Skip to main content

Review: In the Sea there are crocodiles by Fabio Geda

In the Sea there are Crocodiles by Fabio Geda
Published  by Random House Children's Books
Source: Review copy


One night before putting him to bed, Enaiatollah's mother tells him three things: don't use drugs, don't use weapons, don't steal. The next day he wakes up to find she isn't there. They have fled their village in Ghazni to seek safety outside Afghanistan but his mother has decided to return home to her younger children. Ten-year-old Enaiatollah is left alone in Pakistan to fend for himself. In a book that takes a true story and shapes it into a beautiful piece of fiction, Italian novelist Fabio Geda describes Enaiatollah's remarkable five-year journey from Afghanistan to Italy where he finally managed to claim political asylum aged fifteen. His ordeal took him through Iran, Turkey and Greece, working on building sites in order to pay people-traffickers, and enduring the physical misery of dangerous border crossings squeezed into the false bottoms of lorries or trekking across inhospitable mountains. A series of almost implausible strokes of fortune enabled him to get to Turin, find help from an Italian family and meet Fabio Geda, with whom he became friends. The result of their friendship is this unique book in which Enaiatollah's engaging, moving voice is brilliantly captured by Geda's subtle and simple storytelling. In Geda's hands, Enaiatollah's journey becomes a universal story of stoicism in the face of fear, and the search for a place where life is liveable.

***
This book was very different from what I usually read and was quite an eye opener.

In the Sea There are Crocodiles follows the story of Enaiatollah a young Afghan boy who is left at the border of Pakistan one night by this mother and tell of his journey around and through various European countries as he tries to find somewhere where he can settle and live without persecution and having to work and live in horrific conditions.

The book really opens your eyes to how some children (Enaiatollah is between 9 and 16 in the book) have to live through. He works all hours doing nasty jobs for very small wage just to be able to scrape enough together to feed himself. The journey's he endures between the places he travels are simply awful. The stories of his trek over the mountains and how he traveled in the bottom of a van are unbelievably heart breaking. What was quite nice though on the other hand is seeing how his story played out in the end as there are several bits where he is helped out by individuals solely out of the goodness of their hearts which was really uplifting and the way he viewed his education once he finally got settled was also very sweet.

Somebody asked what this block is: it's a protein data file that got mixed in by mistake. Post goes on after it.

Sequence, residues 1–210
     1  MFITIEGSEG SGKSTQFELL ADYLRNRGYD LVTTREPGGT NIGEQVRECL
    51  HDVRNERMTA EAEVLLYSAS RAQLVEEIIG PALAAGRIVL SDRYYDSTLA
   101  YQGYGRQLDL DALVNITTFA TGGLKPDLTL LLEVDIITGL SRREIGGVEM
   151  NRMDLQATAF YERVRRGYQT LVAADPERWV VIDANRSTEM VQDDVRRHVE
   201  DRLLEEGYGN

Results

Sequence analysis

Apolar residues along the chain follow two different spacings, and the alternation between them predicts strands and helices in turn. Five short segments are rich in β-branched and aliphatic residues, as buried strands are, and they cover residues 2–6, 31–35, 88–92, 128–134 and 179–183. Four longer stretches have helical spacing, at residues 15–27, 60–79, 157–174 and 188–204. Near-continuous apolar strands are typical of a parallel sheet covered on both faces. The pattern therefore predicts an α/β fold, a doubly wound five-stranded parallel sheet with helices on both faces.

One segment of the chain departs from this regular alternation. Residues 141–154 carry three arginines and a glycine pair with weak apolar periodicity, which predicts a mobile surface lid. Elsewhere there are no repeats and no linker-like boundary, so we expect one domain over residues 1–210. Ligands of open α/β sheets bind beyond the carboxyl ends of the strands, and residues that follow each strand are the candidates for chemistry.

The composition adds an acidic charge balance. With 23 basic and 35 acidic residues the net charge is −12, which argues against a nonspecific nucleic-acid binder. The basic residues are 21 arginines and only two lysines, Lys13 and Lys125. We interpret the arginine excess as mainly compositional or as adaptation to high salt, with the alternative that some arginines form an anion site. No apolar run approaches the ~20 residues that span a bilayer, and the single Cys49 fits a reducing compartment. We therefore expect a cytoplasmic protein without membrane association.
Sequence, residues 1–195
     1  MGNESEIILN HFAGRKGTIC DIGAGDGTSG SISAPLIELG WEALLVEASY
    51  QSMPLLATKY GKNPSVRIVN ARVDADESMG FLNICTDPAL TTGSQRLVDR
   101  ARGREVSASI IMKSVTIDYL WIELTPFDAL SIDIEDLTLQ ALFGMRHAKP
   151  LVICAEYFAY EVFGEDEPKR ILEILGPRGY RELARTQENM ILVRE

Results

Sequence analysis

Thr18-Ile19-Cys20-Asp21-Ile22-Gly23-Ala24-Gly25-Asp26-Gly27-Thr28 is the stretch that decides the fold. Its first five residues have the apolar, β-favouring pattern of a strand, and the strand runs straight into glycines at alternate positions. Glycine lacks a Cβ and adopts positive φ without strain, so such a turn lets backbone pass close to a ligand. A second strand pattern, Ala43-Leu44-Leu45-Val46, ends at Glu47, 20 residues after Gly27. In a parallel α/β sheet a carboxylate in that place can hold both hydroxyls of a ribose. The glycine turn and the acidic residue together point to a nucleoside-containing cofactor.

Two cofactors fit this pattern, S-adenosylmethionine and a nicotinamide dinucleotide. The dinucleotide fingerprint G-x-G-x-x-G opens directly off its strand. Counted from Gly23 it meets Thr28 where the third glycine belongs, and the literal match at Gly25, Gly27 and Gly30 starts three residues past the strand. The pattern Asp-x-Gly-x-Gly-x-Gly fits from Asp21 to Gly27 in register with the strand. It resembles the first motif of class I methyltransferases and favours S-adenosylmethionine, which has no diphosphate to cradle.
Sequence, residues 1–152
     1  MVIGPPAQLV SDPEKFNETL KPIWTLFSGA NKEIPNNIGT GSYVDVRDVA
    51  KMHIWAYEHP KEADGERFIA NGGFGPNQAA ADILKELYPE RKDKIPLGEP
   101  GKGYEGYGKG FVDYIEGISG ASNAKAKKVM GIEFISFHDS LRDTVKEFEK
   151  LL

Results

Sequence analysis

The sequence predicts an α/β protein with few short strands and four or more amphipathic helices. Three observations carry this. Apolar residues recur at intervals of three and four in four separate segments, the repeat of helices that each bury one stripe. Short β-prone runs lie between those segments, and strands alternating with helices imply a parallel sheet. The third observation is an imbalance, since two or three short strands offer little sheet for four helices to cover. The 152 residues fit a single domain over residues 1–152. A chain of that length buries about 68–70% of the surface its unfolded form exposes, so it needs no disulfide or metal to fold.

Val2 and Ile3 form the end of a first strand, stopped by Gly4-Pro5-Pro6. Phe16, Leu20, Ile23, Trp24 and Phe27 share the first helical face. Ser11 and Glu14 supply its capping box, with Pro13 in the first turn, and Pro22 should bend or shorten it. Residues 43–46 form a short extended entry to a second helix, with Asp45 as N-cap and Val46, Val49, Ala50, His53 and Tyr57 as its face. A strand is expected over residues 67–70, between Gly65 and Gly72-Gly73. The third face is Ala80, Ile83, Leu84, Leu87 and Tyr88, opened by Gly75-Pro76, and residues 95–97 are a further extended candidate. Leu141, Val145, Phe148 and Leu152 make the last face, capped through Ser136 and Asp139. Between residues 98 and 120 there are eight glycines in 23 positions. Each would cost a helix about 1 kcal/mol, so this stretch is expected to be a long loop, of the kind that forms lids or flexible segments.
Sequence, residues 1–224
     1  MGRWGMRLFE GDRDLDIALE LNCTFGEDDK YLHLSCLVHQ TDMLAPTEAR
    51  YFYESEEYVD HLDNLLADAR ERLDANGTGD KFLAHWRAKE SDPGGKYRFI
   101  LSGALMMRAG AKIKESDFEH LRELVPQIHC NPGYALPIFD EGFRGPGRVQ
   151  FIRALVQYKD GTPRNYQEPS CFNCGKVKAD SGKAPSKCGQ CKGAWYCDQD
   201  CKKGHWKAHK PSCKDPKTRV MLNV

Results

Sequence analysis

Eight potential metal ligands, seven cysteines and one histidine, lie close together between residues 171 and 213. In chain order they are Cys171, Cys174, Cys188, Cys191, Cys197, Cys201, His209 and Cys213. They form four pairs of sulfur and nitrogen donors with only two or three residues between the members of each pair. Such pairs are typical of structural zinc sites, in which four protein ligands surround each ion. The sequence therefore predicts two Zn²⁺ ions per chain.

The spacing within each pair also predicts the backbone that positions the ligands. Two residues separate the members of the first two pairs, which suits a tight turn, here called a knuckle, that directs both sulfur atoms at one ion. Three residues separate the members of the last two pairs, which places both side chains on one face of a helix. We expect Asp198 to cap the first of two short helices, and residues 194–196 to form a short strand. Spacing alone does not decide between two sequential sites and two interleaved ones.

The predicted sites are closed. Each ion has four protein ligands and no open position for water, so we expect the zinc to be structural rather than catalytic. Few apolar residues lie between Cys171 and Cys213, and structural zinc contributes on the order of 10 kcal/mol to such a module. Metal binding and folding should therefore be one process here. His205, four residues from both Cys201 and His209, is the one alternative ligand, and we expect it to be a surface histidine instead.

The only thing I didn't like was that the story was broken up midflow at times where the author interjected a question to the boy telling his story. I didn't like that bit of it as i thought it messed up the pace of the story and made it feel like a transcript of an interview.

All in all a real eye opener of a book which will make you appreciate how lucky we are in the UK (even in the economic climate we are currently in)

Thank you to the Random House Children's Books girlies for the review copy

Comments

That cover is stunning! High five to the illustrator. Thanks so much for highlighting this - an immediate add to my TBR.
Kat said…
This sounds amazing-- it's going on my tbr, too. Thanks for the review. :)
Sam said…
Sounds like an unusual and interesting read. Fantastic cover art too!
Peter said…
Those interjections made by the author in my opinion serve a very important purpose. They act as a stark and constant reminder to the reader of the very biographical roots of the novel and the connection between author/character. They also serve as very interesting food for thought, the author often questioning Enaiat on very specific aspects of his story.